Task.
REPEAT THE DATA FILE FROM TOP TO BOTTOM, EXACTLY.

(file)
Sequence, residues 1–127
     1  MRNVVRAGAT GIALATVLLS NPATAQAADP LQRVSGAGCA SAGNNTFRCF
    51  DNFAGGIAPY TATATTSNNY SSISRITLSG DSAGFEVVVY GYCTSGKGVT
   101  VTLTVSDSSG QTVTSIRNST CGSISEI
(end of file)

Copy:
Sequence, residues 1–127
     1  MRNVVRAGAT GIALATVLLS NPATAQAADP LQRVSGAGCA SAGNNTFRCF
    51  DNFAGGIAPY TATATTSNNY SSISRITLSG DSAGFEVVVY GYCTSGKGVT
   101  VTLTVSDSSG QTVTSIRNST CGSISEI